Hello from Hazard!
The takers on Item No. 630 seem a little hesitant, but they’re guessing nonetheless. Extra credit goes to those who try.
Here’s what we’ve received on Item No. 630: Joe Betz, Library, Pa., says it looks like what was used to remove bread from the old-fashioned ovens, but those were wooden, but maybe it’s a paddle for removing bricks from an oven?
Fred Heaberlin of New Castle, Pa., agrees that it might be a “paddle” to remove items from an outdoor oven. He recalls friends who had a beehive outdoor oven in their backyard 65 years ago. They used a similar handled item to remove the bread pans from the oven. Jim Anderson of Canfield, Ohio, enters a similar guess, as does Wendell Cole of Lisbon, Ohio (who adds that it’s definitely only a guess).
Andrea Tumicki of Eighty Four, Pa., guesses it was used in the stirring of maple syrup or applebutter (but those were typically wooden, too).
The only different response came from Charles Williams of Evans City, Pa., who said it is a concrete spade used to work concrete along the forms to prevent honeycomb on the face of the wall. “The last time I used one was in 1947 on headwalls on storm sewers on a highway,” Williams writes.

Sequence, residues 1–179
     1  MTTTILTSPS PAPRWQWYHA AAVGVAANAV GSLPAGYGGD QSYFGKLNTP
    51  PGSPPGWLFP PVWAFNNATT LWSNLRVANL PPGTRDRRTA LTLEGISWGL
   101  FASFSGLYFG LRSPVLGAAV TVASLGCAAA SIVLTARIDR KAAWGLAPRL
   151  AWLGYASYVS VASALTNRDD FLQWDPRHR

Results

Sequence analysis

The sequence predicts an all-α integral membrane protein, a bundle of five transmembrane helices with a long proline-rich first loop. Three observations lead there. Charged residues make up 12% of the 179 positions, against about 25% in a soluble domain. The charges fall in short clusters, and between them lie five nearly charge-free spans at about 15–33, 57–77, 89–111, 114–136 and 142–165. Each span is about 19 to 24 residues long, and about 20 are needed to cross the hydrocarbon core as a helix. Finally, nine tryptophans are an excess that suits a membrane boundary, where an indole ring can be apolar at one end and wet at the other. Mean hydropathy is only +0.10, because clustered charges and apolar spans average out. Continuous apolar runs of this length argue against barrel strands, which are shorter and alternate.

He’s a minority, but Williams sounds right on target. Can anyone else confirm it?
Speaking of confirming past guesses, Wendell Cole raises a respectful objection to Bob Moore, who guessed that Item No. 627 is a wrench used to tighten or loosen the tools in a string of drilling tools. Cole says the cross sectional area of the handle is much too small and the extra notch in the “U” and the little curl on the open end would have no function for a drill string wrench.
Cole also says the wrench would have been very large and would weigh 200 to 1,500 pounds. “It may be a wrench for something, but not for a string of tools,” he adds.
Food for thought. This week’s item comes from Robert Miskimins of Alliance, Ohio. The ruler is 12 inches, so you can see it measures about 18 inches. What you don’t see from the photo, is that the wooden object is slightly curved, in addition to having the hollowed out part that is visible.
Send your guesses to: Hazard a Guess, P.O. Box 38, Salem, OH 44460; or via e-mail to: email@example.com. Don’t forget to include your name and hometown/state in those e-mails!